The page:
Wildfire Smoke And Health Concerns For Pets

Every year in late July or early August, fire season begins in many parts of the western United States.  Due to climate changes, increased average temperatures and decreased rain and snowfall, the fire season is getting harsher and longer each year.  With fire, there is smoke, and with smoke there are health issues that need to be addressed in people and pets.

Research has shown that in healthy individuals, short term smoke from wildfires may not cause health issues, but long term exposure is something else.  This year, here in the pacific northwest, exposure to smoke from regional wildfires has lasted over a month and it is predicted that it might last until the first snowfall, which may be as long as another 3 months.  That would mean that people and their pets have the potential for breathing in smoke for about 1/3 of the year.

It is easy to get frustrated when smoke is around for long periods.  We naturally want to get outside and do our summer recreation.  But, even healthy people and pets can get ill if they are not careful.  I know people that admit that a little eye irritation and nose burning is not enough to keep them from getting outside and exercising.  Unfortunately, it is much more than a little local irritation.

Just yesterday, I watched a young lady, obviously fit, jogging down the road with her senior Golden Retriever following her on its leash.  She seemed to be doing fine, but her dog had its tongue extended while coughing its head off.  The news reported that a local construction fellow with a history of asthma had died due to the smoke exposure.  This is a problem that should not be taken lightly.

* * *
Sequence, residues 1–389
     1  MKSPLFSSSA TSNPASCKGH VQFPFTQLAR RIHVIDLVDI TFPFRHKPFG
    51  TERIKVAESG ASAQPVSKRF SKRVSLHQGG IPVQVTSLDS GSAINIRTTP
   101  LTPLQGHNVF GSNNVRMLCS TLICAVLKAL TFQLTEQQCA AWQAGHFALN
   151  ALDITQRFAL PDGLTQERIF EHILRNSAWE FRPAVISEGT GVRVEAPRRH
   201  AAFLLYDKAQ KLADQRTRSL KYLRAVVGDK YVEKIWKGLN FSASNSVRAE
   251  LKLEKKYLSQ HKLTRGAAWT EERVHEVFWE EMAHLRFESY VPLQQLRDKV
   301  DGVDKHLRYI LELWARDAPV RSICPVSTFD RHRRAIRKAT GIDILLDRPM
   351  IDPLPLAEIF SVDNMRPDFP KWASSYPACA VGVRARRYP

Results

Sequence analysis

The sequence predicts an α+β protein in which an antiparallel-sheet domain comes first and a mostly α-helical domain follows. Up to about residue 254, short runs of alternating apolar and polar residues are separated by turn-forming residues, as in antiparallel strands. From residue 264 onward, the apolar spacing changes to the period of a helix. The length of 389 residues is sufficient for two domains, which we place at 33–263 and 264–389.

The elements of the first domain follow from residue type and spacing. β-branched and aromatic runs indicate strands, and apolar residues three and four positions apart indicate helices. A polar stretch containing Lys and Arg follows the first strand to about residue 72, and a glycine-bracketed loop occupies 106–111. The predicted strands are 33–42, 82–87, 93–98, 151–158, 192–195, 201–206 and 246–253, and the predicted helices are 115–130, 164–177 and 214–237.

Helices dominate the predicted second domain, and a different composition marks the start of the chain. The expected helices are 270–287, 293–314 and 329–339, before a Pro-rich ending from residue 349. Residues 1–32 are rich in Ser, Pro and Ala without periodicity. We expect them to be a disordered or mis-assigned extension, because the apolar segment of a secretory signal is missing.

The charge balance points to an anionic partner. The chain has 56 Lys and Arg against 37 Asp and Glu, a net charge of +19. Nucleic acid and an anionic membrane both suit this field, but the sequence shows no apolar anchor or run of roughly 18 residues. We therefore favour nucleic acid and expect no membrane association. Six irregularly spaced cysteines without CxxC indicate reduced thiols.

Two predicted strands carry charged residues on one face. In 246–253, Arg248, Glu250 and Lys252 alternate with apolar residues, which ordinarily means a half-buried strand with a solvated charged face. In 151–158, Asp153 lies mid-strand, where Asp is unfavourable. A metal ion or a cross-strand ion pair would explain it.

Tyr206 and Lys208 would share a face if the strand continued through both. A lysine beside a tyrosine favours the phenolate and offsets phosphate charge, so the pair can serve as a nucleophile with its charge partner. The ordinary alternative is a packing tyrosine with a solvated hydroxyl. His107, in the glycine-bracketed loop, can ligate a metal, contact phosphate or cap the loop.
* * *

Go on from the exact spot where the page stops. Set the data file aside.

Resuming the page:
How does woodsmoke cause health problems?  Woodsmoke is composed of carbon dioxide, water vapor, carbon monoxide, particulate matter, hydrocarbons and other organic chemicals.  The particulate matter is of primary concern as it is the major factor causing illness.  These harmful particles are extremely small (less than 10 micrometers, known as PM10) are capable of entering deep into the lungs, affecting both the lung and heart.  Wildfire particles usually range from 0.4-0.7 micrometers, making them extremely dangerous and hard to prevent entering the body.

Obviously, the young, old and sick individual is most at risk, but prolonged exposure to the effects of wildfire smoke will also affect the healthy individual.  As the small particles enter deep into the air passages, they act as irritants, causing persistent coughing, phlegm production and wheezing.  The particles trigger inflammation in the air passages, reducing the air passages.  The combination of mucous or phlegm production and inflammation in the bronchioles impedes the ability for the air to reach the lung alveoli where the oxygen exchange to the blood occurs.  The reduction of air and oxygen has deleterious effects on the lungs and heart and in time to all the cells in the body.

Pets that have a history of asthma, chronic bronchitis, tracheal collapse, laryngeal paresis, heart disease and others are extremely high risk pets that cannot tolerate exposure to smoke.  This can be potentially life threatening.  Cats that are exposed to wildfire smoke, while cleaning themselves, will take the toxic chemicals from the smoke into their GI system, creating inflammation in that system. The particles from the smoke are known to affect the body’s mechanisms that normally remove inhaled foreign material from the lungs such as pollen and bacteria.